Bebop scales are certainly very valuable scales to add to your repertoire, especially if jazz is your bag. If you already know how to play the major scale and all of it’s modes, then you will find playing bebop scales a breeze. The reason being, these scales are essentially the same as the major scale’s modes, with the addition of an extra passing note in each of them. There are also bebop scales derived from the modes of the melodic minor, and the modes of the harmonic minor scale (guide on those coming soon!), but for the purpose of this guide I will only be dealing with the three most used bebop scales, and all three originate from the major scale.
Above is a terrific example of the dominant bebop scale (key of Bb) being played. Wes Montgomery is on fire as always, listen and take note! The bebop scales are frequently used in jazz, and deservedly got their name from their extensive use in the Bebop era (1940s-60s) by such jazz musicians as Charlie Christian, Wes Montgomery, Charlie Parker and Dizzie Gillespie, to name a few. Each scale presented is based on a mode of the major scale, with the addition of an extra passing note which gives it it’s characteristic chromatic run – you always hear the jazz giants flowing through their scales like this.
The bebop scale’s intention was to open up the major scale and give it more of a jazz flavour, and also to introduce a new ‘technique’ for playing over chord changes. Thanks to the added passing tone, if you begin the scale on the root chord tone (1) of the chord playing, and on the downbeat, all other chord tones (3, 5, 7) will also fall on downbeats, while the remaining tones in the scale will occur on the upbeat. This, of course, is assuming the scale is played either ascending or descending, without skipping an interval. These sort of scale runs, peppered occasionally with sequencing, are very common techniques in the world of jazz, as they colour the chords which are being played. Another advantage of the bebop scales is the additional note allows more soloing opportunities, which make it playable over more chords, thus eliminating the need to change scales as frequently as you would with the original major scale modes.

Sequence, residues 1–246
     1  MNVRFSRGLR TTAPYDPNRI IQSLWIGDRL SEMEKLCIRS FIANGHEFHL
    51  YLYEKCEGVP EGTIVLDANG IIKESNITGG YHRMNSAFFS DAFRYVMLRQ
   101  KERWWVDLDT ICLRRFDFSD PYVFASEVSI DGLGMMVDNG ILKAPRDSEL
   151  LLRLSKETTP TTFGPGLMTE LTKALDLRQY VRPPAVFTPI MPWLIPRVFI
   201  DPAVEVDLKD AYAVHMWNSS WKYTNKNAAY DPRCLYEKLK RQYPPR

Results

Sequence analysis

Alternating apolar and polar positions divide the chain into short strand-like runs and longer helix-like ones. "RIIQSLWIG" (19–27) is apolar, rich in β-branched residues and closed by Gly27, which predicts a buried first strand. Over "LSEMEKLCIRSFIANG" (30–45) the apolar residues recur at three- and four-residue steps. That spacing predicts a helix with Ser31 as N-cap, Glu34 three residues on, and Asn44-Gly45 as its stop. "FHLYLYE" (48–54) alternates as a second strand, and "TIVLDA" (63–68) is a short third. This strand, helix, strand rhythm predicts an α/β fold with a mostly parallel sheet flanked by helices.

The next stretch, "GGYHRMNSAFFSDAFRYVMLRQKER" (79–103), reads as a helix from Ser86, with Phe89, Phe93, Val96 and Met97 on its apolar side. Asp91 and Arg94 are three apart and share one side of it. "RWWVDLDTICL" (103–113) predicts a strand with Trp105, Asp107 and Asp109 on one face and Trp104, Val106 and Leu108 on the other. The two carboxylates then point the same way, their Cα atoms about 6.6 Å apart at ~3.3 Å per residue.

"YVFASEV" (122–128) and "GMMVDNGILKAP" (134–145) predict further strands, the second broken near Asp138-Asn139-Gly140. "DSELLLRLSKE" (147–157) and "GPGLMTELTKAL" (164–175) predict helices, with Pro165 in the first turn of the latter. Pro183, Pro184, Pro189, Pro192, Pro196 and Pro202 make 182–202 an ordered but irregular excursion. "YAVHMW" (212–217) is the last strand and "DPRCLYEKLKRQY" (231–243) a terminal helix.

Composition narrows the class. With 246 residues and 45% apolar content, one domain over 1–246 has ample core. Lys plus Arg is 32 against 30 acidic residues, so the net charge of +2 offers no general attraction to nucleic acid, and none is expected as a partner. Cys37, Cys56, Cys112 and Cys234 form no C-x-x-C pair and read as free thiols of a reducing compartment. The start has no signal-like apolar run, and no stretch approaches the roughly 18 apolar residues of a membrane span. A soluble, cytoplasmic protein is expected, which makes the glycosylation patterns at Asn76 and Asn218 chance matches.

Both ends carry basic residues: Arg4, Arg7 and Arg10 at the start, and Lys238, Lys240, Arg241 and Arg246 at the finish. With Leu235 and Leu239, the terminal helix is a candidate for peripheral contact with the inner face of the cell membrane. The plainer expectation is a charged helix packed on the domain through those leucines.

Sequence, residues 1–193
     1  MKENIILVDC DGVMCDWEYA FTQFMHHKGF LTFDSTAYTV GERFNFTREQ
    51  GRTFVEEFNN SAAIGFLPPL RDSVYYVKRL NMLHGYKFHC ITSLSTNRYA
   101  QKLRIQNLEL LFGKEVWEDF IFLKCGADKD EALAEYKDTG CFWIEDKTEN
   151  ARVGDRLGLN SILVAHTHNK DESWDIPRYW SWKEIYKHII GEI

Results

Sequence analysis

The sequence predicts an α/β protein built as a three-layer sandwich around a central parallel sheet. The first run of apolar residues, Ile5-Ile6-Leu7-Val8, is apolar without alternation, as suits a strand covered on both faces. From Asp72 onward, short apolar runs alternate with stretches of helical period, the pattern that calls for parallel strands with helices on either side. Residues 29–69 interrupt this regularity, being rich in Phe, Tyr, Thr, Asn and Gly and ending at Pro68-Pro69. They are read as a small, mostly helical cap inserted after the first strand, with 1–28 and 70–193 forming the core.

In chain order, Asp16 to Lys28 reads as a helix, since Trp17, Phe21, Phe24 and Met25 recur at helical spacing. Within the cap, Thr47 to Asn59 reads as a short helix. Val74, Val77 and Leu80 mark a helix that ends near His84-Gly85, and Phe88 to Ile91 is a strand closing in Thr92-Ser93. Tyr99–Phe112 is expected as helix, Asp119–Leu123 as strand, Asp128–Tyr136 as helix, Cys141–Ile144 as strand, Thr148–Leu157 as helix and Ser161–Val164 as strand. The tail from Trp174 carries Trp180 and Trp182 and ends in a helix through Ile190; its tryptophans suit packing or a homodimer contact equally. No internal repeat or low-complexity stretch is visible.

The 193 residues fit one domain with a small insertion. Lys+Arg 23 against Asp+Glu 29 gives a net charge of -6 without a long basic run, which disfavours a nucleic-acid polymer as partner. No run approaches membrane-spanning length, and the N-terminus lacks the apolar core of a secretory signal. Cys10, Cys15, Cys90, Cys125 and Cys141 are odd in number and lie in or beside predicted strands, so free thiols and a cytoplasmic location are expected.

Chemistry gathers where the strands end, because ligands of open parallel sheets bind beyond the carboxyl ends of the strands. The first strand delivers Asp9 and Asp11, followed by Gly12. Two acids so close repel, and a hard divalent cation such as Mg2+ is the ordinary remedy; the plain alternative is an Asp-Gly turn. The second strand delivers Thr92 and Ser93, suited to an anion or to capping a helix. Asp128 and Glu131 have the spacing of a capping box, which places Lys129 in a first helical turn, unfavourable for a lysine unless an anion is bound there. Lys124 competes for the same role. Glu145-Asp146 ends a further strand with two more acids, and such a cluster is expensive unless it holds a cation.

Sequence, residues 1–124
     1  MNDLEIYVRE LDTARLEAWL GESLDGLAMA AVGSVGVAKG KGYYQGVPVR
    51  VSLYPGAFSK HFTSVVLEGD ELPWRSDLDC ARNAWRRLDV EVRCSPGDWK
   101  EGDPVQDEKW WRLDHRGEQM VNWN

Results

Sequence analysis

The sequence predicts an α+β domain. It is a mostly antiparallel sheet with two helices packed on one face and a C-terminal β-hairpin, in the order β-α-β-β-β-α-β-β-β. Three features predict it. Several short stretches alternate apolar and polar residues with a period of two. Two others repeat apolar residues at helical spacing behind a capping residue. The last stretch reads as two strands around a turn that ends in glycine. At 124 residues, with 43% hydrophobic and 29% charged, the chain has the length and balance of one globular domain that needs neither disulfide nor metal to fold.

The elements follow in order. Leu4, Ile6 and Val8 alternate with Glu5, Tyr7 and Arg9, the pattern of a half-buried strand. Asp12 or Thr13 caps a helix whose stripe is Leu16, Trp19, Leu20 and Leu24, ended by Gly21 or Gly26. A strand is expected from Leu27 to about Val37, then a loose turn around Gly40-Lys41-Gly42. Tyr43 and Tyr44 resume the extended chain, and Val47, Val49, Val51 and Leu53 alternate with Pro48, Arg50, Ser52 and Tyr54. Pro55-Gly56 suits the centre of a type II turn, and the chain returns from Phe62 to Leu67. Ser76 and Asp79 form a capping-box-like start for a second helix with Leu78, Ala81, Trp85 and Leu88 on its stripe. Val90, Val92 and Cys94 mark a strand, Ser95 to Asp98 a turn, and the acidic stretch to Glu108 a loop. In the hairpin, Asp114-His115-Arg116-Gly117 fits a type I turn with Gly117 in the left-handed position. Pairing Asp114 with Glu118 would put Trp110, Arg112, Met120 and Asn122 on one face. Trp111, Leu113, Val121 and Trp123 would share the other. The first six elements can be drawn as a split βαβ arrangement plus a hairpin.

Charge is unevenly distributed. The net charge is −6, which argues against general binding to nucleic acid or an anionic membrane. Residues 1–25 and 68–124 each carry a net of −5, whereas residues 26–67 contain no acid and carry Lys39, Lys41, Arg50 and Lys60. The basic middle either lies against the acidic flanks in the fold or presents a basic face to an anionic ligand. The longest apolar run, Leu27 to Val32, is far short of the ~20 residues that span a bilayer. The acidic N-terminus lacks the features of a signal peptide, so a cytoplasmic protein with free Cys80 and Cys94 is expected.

I’m not sure why I took so long to write a guide on the major scale, considering it’s easily the most important bit of music theory that you can learn, and knowing it is essential in order to learn other scales and chord theory. I even wrote my guide on modes of the major scale first! But don’t fret, here it is finally – a guide on the major scale, the mother of all scales. It is the scale which all other scales are compared to, and from where chords and their progressions derive from; it literally gives birth to music theory. The major scale is the first of the diatonic scales, which is just a fancy word for a seven-note octave repeating scale, which consists of five whole steps and two half steps between each octave. Don’t understand any of that? Don’t worry, you will very soon.
This post we’re going to be discussing three minor scales: the Natural Minor scale (Aeolian mode), the Harmonic Minor Scale, and the Melodic Minor Scale.
As you probably know already from my guide on the Modes of the Major Scale, the 6th mode of the major scale is always the natural minor scale, or the Aeolian mode. In the Key of C major, the Aeolian mode is A minor; therefore A minor is the relative minor of C major: every major chord has a relative minor. When you play an A Aeolian as part of the C major scale then they both share the same notes; for example, the pattern for the major scale is: (W = whole step – 2 frets), H = half step – 1 fret)
W – W – H – W – W – W – H
1 2 3 4 5 6 7
Which in C would = C D E F G A B (then back to C again, but at a higher octave.)